Hogwarts woke up one morning to find the wall opposite the doors of the Great Hall to be cleared of portraits. In their place was a small wooden frame hung in the middle of the wall, barely illuminated by the sconces on the far ends of the wall. Upon closer inspection and better lighting, it was revealed to be an Educational Decree. It seemed as though Umbridge was trying to increase her control over the students.
Students filed in for breakfast, whispering to each other about the new decree. How did she get this new power? What was she hoping to accomplish? Did she fail a test to be an Animagus, and that’s why she looks like a toad?
Indeed, she looked more toad-like this morning than usual. Perhaps it was the new, garishly pink hat perched precariously atop her head and what she clearly thought was a jaunty angle. Perhaps it was due to the smug smile on her face as she looked down on everyone seated at the House tables.
Hermione flung herself onto the bench at the Gryffindor table next to Ron.
“Can you believe that woman,” she hissed. “The nerve of her, trying to run this school.” She shot a venomous look towards the table where all the teachers sat.
“She does seem to be getting worse lately,” Ron agreed, piling sausage on his plate.
“The nerve of her.” Hermione repeated.
“But I thought you didn’t like Spell-Check Quills, Hermione,” Seamus added from a few seats down the table..
She twisted to face him, butter knife clenched in one hand. “It doesn’t matter if I like them or not, it’s the principle of the thing! Umbridge has no right to make this decree. These quills are incredibly helpful for students with dyslexia! It helps them write, and can make them feel better about themselves. It can be a huge confidence booster. I don’t like how some people try to use them to cheat. Why bother memorizing names, terms, and potions ingredients when the Quill will correct you if you get close enough? It’s not fair!” She stopped talking abruptly, noticing the slightly scared expressions on the faces of those around her. She flushed red and lowered the butter knife to the table. “Sorry, I just…”
Fred leaned over from where he was sitting, further down. “D’you mind saying that a bit louder, Hermione? I don’t think my Uncle Alfred in Wales quite heard you.”
Hermione flushed even redder as Fred sat down beside her, pushing Ron out of the way. Ron made an indignant noise of protest, but couldn’t get Fred to move.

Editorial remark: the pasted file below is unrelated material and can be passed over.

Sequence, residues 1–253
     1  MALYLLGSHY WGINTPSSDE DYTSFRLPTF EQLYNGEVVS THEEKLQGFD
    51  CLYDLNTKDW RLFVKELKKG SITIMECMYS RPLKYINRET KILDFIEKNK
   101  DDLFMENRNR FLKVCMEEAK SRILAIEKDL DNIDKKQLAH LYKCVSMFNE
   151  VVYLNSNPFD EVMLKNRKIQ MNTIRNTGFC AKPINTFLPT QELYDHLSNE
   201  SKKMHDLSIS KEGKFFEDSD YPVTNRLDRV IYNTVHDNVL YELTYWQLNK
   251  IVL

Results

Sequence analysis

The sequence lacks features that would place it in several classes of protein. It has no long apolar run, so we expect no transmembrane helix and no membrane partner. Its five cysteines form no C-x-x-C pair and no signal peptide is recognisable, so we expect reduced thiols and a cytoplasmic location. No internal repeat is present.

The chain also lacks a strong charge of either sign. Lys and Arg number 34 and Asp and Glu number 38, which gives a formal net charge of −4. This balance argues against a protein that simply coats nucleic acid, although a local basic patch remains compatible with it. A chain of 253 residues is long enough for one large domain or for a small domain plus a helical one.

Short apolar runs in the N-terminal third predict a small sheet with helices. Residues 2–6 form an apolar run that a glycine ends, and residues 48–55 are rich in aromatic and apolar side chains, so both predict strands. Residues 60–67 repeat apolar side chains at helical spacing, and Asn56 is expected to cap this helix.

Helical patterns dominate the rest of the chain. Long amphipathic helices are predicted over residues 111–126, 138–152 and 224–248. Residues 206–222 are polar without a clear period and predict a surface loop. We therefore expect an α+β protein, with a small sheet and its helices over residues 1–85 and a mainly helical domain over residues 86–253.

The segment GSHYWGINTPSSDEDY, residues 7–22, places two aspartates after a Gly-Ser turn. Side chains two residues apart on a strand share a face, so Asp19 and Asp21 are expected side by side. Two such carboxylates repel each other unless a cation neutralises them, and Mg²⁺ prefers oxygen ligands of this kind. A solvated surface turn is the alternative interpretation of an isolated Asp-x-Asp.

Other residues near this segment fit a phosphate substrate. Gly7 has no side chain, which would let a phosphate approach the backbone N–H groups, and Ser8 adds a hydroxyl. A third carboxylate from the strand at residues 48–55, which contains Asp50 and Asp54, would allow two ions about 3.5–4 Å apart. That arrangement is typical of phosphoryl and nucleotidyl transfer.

“You’re too… you to be complaining loudly about things, Hermione. Can’t have Umbridge suspecting you more than she already does, or it’ll be bad for DA.” Fred spoke quietly enough that only Hermione could hear him, and had his face turned away from the Head Table. “The new educational decree is bad, but you aren’t the person to be fighting it. The whole point of it seems to be creating more rules, so the best way to fight it, is by breaking them. My talents happen to be uniquely suited to this task. Have a lovely morning.” Fred stood up as abruptly as he had sat down, and engaged in an intense conversation with George a little ways down the table.
Hermione looked baffled, but didn’t say anything. The bafflement was replaced by her Thinking Face, the one that caused teachers to brace for difficult questions, and prompted Ron to move anything breakable out of arm’s reach. When Hermione had her Thinking Face, it was best to give her a quill and parchment, and brace for impact. Tension fell over their section of the table. Everyone watched Hermione with trepidation, most of all Ron and Harry. The rest of the Great Hall faded away as they waited with bated breath to see what Hermione would do next. Seamus was gripping Dean’s hand under the table and Neville looked frightened.
Hermione opened her mouth as if to say something, then closed it, reaching for the basket of fruit in front of her. Her fellow fifth years exchanged puzzled looks. This never happened. Where was the rant? Where were the quotes spoken verbatim from an obscure legal case from the 1500s?
“What are you all looking at?” Hermione asked.
Everyone quickly looked away from her, and became more focused on their breakfasts than they had been on the Potions test last week.
Harry and Ron had spoken at the same time.
“Oh, um, nothing.”
Hermione shrugged, “Fred was right. I can organize DA, but he can create monumental levels of chaos. We just have to support him in whatever he does.”
George didn’t go to classes that day. He knew he’d get in trouble for it later, but he had more important things to do. He had to go to the library.
He had hoped that Madam Pince wouldn’t be at her desk when he came in, but that hope was quickly dashed.
“Good morning! How is my favorite librarian today?”
She looked suspicious. “Why aren’t you in class, Mr. Weasley?”
George exuded pure confidence. “Oh, I’m doing research for a class. Flitwick wanted me to research the benefits of using Charms over Transfiguration in certain circumstances. I need at least two historical examples of wizards using advanced Charms in place of Transfiguration spells.”
A deep frown line creased her brow. “Why wasn’t this homework, to be done on your own time?”
He gave what he hoped was a winning smile. “I was speaking with him before class, and the topic came up. He sent me here to do my research now. You know how Professor Flitwick can’t let go of a fascinating topic.”